CTA Construction Breaks Ground on $32M Lexington Police Station

Lexington, MA – CTA Construction Managers recently broke ground on Lexington’s new $32 million police station, designed to support the community’s burgeoning needs and population. The new facility will replace the current building, built in 1956.

Jeff Hazelwood, principal, CTA construction, stated, “It is always a great feeling to get the first shovel in the ground on a project; it means even more knowing what this building will bring to the local police and community they serve.”

With efforts and multiple studies done starting as far back as 2011, the town confirmed the current station was not adequate for the present police force. The local community pushed the project in 2020, and Lexington voted in favor of the new facility to meet the demands of today. Conversations on race, social justice, and modern policing strategies had a large impact on the design of the building.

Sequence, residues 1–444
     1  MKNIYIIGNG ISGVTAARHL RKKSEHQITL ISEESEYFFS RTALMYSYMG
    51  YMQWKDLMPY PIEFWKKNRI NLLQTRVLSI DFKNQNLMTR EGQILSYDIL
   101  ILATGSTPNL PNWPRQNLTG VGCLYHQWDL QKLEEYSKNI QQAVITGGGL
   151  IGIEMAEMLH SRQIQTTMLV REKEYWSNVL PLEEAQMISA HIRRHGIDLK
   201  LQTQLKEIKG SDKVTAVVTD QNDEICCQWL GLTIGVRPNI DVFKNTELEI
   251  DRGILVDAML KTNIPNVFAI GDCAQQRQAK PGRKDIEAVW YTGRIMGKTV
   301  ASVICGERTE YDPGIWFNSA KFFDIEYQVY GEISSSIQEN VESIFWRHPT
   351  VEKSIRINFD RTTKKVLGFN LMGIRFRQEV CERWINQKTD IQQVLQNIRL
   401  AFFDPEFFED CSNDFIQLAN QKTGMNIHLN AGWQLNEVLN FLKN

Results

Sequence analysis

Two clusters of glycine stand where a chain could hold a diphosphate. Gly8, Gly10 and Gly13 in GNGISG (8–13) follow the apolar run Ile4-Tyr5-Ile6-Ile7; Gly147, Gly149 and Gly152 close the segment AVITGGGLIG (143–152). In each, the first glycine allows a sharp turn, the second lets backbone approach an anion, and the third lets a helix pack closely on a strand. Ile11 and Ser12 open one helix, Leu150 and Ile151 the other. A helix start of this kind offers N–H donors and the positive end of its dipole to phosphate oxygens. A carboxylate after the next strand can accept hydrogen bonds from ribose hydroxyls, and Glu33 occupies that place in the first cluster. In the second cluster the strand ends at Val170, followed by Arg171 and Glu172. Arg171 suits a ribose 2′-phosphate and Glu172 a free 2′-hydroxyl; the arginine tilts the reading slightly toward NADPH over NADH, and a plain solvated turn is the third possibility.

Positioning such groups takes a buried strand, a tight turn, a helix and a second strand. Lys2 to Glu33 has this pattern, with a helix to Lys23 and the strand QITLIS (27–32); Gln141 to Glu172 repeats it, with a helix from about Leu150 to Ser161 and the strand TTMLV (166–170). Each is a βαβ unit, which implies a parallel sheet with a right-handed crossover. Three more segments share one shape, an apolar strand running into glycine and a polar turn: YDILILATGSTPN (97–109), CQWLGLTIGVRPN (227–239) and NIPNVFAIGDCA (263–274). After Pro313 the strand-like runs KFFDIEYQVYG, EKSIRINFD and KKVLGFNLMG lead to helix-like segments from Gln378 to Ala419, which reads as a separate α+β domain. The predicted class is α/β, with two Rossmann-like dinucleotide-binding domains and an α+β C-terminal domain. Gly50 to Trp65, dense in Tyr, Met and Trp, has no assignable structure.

“The new police station has been designed to meet the evolving needs of the Lexington police department, and it will include a range of new features and technologies,” said Matt Salad of Tecton Architects.

The Lexington Police Department will continue operations just down the road at 173 Bedford St. until the completion of the project. “We cannot wait for the community to receive their new building in June of 2024,” said Mike Cronin, director of public facilities for Lexington.

“The effort to get the project to this point was a large undertaking by many parties. All groups involved were tasked with creating a state-of-the-art facility for the town of Lexington,” said Mike Burton, partner of Dore and Whittier, the OPM. “We are thrilled to be part of a project that will have such a large impact on the community; it has been a pleasure working with CTA Construction and Tecton Architecture to start making the town’s vision a reality.”

CTA has a long history of construction projects with the Town of Lexington including the Fiske Elementary School, Samuel Hadley Public Services Building and Lexington Children’s Place.